Coy. Sergeant Major 7724 John William Thomas FRANCIS – “A” Company, No. 3 Depot.
Burial: Chester Overleigh Cemetery Grave: 4266. Died of wounds: 25 May 1915 Age: 27 Awards: Mentioned in Despatches and Médaille Militaire
Personal: John was born in the December quarter 1887 in St Oswald’s, Chester, the son of William (a Miller) and Ellen (née Crook) Francis.
He had three older sisters, Jane E., Margaret Ellen and Catherine Winifred, and two younger sisters, Grace M. and Mary Grace.
The family lived in St James Street, Chester. (1891 Census RG 12/2866, 1901 Census RG 13/3374 and 1911 Census RG 14/21878) and John attended Christ Church School.
John was an accomplished sportsman. In Regimental athletics John had a fine record. He was a good footballer, and the champion middle-weight boxer of the Regiment. “In Ireland and in Chester he had figured in the boxing ring and was a smart performer with the gloves. A crack rifle shot, he was one of the shooting team that won the Henry Whitehead Cup, and his proficiency in marksmanship had done service in the field“. [‘Chester Chronicle, 27th May 1915]
John married Florence Hanley in Belfast in the March quarter 1912. After the War John’s Pension Records shows that Florence was then living at 27 St James’ Street, Chester, probably with John’s parents.
His last leave was in early December 1914 when he: “… came over to Chester on a few days’ leave at the beginning of December, and his family and friends were delighted to see him safe and sound after his hardships. He stayed at his parents’ home from Saturday night till Thursday night, then leaving to rejoin his regiment. He brought him with him his French decoration.” (see below) [‘Chester Chronicle, 27th May 1915]
Military Service: John enlisted at Chester, having first joined the Bugle Band of the Earl of Chester’s Volunteers, now known as the 5th Battalion of the Cheshire Regiment and joined the County (Cheshire) Regiment in 1904. He progressed to become Regimental Sergeant Major in the Cheshire Regiment, No. 3 Depot.
[N.B. His full dress portrait above shows him as a colour-sergeant, physical training and gymnastics instructor, a sergeant of the best shooting company, and holder of the distance judging qualification – quite a soldier! In 1914 the colour sergeants of infantry became either Company Sergeants Major or Company Quartermaster Sergeants.]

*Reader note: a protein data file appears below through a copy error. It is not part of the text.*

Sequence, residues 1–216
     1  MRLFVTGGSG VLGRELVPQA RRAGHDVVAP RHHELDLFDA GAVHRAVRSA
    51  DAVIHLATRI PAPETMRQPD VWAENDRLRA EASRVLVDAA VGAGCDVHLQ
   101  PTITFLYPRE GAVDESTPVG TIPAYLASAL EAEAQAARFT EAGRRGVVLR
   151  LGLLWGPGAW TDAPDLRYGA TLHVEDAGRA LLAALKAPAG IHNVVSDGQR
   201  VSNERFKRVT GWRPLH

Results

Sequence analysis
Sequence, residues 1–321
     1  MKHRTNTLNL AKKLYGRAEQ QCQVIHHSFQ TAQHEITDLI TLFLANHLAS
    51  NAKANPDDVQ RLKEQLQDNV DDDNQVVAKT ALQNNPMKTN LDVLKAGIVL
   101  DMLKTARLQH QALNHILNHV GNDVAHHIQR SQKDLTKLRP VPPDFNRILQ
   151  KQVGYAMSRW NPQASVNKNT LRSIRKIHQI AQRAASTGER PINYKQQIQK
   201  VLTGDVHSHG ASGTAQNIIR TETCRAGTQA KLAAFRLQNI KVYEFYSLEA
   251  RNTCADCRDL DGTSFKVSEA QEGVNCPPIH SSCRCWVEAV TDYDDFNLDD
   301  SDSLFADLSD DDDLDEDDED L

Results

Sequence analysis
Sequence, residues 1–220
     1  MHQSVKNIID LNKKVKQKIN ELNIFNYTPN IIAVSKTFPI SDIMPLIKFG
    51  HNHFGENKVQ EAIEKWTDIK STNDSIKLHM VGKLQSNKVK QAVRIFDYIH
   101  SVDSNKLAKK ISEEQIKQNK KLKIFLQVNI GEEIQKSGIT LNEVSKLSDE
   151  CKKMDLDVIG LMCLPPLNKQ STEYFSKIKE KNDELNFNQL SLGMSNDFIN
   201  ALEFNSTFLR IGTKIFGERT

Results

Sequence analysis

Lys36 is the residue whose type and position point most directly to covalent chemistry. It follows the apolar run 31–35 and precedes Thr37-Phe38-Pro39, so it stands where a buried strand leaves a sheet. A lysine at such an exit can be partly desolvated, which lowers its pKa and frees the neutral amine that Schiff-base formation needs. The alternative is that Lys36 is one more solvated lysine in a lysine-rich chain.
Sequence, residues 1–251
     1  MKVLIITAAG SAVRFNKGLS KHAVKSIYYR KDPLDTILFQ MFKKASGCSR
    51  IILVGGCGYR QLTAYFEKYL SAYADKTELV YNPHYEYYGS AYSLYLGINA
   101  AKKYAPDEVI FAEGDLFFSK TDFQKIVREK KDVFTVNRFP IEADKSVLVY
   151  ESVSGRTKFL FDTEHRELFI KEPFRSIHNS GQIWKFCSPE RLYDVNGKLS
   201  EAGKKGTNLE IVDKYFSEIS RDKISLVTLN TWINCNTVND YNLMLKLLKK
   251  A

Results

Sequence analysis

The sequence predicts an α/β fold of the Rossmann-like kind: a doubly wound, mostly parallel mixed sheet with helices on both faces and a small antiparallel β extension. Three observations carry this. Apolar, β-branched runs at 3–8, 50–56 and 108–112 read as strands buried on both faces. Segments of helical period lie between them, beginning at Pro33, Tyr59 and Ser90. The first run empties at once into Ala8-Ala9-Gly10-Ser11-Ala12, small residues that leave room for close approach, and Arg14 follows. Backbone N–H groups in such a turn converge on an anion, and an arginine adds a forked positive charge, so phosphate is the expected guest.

John was a Regular Soldier serving with the 1st Battalion and at the outbreak of War was stationed in Londonderry. He sailed on the SS Massilia on 14th August 1914 and his Medal Card confirms that he entered France at Le Havre on 16th August.
The survivors of Audregnies were put into what remained of ‘B’ Company, under Captain Shore, and the now very depleted but still nominally 1st Battalion joined the remainder of 5 Division in retreat. As a result of this ‘reorganisation’ of the Battalion, the still determined strong spirits of the men, and the presence of the hard-working and much respected Shore, the retreat was an orderly one as far as the Battalion was concerned.
A newspaper report of June 1915 describes what happened next: “At Le Cateau the Battalion was put in reserve, but seeing the tight corner two Regiments were in, two detachments of the Cheshires went out, the one under the late Captain Rich, the other under Company Sergt-Major J.W.T. Francis.
The former held a trench on the left, and the latter a small ridge on the right., and thus held up some hundreds of the enemy, while the Bedfords and the K.O.S. Borderers retired safely between them.”
Not only was he Mentioned in Despatches, but he was also awarded for gallantry at Le Cateau the French Médaille Militaire.
[N.B. The Médaille Militaire (Military Medal) was created to reward warrant officers, corporals, sergeants, soldiers and sailors for military service, especially for acts of courage in combat. The Médaille Militaire is one of rarest French decorations to be bestowed upon foreigners.]
The Battalion War Diary records that it was stationed in the: “Casemates in Ypres and École de Bien Faisance”. The next three days were spent “.. in Brigade Reserve”, but on 5th May it was: “Called out at 8.00 p.m. to move up to support the trenches, Hill 60, trenches 40, 43 & 45 occupied by the enemy. Arrived LARCH WOOD at RAILWAY CUTTING at about 10.20 a.m., drove some of the enemy from vicinity of Larch Wood and 41 and 42 support trenches.”
[N.B. ‘Casemates’ were the tunnels, passageways and rooms built into the ramparts and bastions by the French military engineer Sébastien Le Prestre, Seigneur de Vauban (1633-1707), during the French occupation in the 1680s, were used by French and British troops as shelters, accommodation, medical dressing stations and headquarters from October 1914.]